- Current economic activity is heavily dependent on continued fiscal and monetary support as well as the progression of Covid-19, making for a fragile economic recovery
- The strong rebound in asset prices during the second quarter in the context of poor economic performance has led to stretched valuations in equity markets
- This leaves us with a dangerous disconnect between asset prices and economic fundamentals that could lead to further market instability
- We have used market strength during the quarter to pare back exposures, a cautious stance that we believe will allow us to take advantage of market volatility in the coming months
The second quarter saw broad financial markets rebound strongly, erasing nearly all losses experienced during the March meltdown. Markets were buoyant on the back of unprecedented fiscal and monetary support from policy makers around the world as well as early signs that COVID infection rates appear to be levelling off and may be past peak in some countries. Meanwhile, the economic fallout from mass lockdowns and social distancing measures has been more severe in most countries than originally anticipated. Furthermore, while the pandemic has levelled off in some countries, it has worsened in many others including the United States. The market’s behavior implies expectations of a quick rebound in economic activity to levels seen before the onset of the virus, yet nearly every path forward from here suggests an increasingly difficult climb out. With market valuations at levels last seen during the Dot Com bubble, there is a dangerous disconnect between asset prices, fundamental valuations, and the prospects for economic activity. As such, we have used the recovery in asset prices to scale back exposure and put portfolios in a better position for the next stage of volatility.
As we have discussed in earlier communications, the path out of this economic recession is in large part dependent on continued support from fiscal and monetary policy makers as well as the progression of the disease. This speaks to the fragility of the economic recovery. The early stage of the recovery will have dramatic gains like those seen in the last two months, but this is more a feature of the dramatic stop-start nature of this recession. Future economic gains will likely be more muted as the recovery drags on with lower levels of activity in the context of surging Covid infections. As Fed Chair Jerome Powell put it in uncharacteristically direct words, “Output and employment remain far below their pre-pandemic levels. The path forward for the economy is extraordinarily uncertain and will depend in large part on our success in containing the virus. A full recovery is unlikely until people are confident that it is safe to reengage in a broad range of activities.” Fed Presidents Raphael Bostic, Eric Rosengren, and Thomas Barkin have suggested early data in their respective regions indicate the economic rebound is already stalling, while San Francisco Fed President Mary Daly said her best-case scenario is that the economy won’t return to pre-crisis levels for four to five years. The Fed has committed to keeping rates near zero for as long as it takes to regain our economic footing.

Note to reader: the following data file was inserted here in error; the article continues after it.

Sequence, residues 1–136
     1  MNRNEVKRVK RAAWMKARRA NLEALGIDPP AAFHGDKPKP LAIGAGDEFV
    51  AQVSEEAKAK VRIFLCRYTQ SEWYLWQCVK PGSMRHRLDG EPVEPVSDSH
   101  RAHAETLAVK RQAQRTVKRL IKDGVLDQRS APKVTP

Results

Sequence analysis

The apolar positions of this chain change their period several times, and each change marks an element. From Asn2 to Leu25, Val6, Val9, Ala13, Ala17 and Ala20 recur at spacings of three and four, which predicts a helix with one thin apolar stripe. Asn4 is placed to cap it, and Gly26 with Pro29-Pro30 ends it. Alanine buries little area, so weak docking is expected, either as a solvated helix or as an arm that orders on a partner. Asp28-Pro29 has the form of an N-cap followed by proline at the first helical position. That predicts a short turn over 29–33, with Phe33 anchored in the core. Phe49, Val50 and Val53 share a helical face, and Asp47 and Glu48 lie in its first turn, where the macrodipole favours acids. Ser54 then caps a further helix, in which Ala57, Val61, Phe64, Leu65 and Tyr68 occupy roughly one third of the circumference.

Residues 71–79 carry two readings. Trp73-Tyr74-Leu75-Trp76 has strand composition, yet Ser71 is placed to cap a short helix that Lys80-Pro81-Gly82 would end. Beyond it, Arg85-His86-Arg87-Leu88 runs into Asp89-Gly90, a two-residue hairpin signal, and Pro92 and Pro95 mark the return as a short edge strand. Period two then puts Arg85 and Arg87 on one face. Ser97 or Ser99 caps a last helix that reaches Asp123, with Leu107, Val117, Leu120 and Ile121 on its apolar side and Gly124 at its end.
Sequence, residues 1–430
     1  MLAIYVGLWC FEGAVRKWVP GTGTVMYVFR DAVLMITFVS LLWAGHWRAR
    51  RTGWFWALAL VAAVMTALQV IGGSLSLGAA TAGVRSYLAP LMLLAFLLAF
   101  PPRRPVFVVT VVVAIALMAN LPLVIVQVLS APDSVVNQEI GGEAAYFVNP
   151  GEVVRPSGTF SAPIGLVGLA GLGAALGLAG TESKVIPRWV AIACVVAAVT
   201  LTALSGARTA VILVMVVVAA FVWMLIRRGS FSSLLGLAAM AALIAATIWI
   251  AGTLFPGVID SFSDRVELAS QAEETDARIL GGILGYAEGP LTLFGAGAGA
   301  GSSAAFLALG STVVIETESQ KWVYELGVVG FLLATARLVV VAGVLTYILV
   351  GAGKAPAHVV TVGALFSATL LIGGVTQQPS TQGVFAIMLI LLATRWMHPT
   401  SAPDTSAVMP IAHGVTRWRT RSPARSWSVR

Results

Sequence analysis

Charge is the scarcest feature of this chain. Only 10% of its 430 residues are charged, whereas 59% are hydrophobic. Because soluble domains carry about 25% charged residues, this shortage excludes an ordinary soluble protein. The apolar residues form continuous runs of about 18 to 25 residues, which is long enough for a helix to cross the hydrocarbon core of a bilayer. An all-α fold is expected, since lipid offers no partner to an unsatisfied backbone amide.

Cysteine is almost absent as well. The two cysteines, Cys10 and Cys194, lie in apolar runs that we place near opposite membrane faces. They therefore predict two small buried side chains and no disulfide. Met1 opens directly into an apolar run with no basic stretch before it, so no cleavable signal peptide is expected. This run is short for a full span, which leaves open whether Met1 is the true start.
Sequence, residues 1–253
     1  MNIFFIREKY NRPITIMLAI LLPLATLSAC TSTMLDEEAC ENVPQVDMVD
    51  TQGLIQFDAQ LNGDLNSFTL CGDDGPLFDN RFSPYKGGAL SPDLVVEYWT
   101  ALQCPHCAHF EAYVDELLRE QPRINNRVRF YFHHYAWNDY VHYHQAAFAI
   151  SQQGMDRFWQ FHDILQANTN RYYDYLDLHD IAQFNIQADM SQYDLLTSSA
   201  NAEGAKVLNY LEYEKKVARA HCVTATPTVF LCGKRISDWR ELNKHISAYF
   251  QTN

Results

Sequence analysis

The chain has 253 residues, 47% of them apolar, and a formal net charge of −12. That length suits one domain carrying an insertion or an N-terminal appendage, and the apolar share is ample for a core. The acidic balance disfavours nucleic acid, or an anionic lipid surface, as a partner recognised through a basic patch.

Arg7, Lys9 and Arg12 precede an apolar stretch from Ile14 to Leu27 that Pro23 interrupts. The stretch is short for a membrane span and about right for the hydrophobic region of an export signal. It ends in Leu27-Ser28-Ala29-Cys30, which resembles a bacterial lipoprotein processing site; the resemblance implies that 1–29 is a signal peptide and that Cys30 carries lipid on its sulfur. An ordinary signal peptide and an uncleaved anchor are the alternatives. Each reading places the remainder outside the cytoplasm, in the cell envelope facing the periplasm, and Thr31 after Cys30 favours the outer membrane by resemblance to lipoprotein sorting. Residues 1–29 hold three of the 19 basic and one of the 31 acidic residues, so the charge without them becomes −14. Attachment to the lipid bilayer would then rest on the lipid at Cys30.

The Fed’s unusually dramatic guidance is almost certainly geared toward maintaining a sense of urgency with fiscal policy makers, whose resolve appears to be weakening with the rebound in asset prices and approaching election season. The forthcoming support package intended to extend benefits past the July expiry of the CARES Act is expected to be less than half of the original package. The Fed is hoping to avoid the scenario that played out in the 2008 crisis, during which Congress provided only meager fiscal support and thereby forcing the Fed to bear the brunt of economic recovery efforts through the crude tool of monetary policy (e.g. low interest rates and bond purchases). Extended periods of ultra-low interest rates can themselves create dangerous economic imbalances that the Fed would like to avoid.
Meanwhile, equity and fixed income markets have been on a tear. Most stock indices are at or near all-time highs while credit markets broadly have retraced about 70% of their initial losses. In the United States the turnaround in asset prices started around March 23 following the announcement of the Fed’s $2.3 trillion credit facility and Congress’ more than $2 trillion CAREs Act. In the absence of strong economic data or improving corporate earnings, the bullish mood among investors remains largely predicated on strong policy support and heretofore declining Covid cases. This has set up a market that is richly valued by historical measures:
The disconnect between asset valuations and the real economy does raise the risk of another correction in asset prices. In the absence of fundamental underpinnings to this rally, any number of reasons could trigger more equity market volatility going forward: The recession could be deeper and longer than currently priced into the market; there could be a second wave of the virus and containment measures (albeit on a more limited basis) could be reinstated; expectations about the extent and length of central banks’ support of financial markets could turn out to be too optimistic; a resurgence of trade tensions could hurt market sentiment; fiscal support could evaporate in the context of an election season; broadening social unrest could also damage market sentiment. The point is that there are myriad ways that an overvalued market can lose its footing and relatively few in this environment that could lend further support to even higher valuations.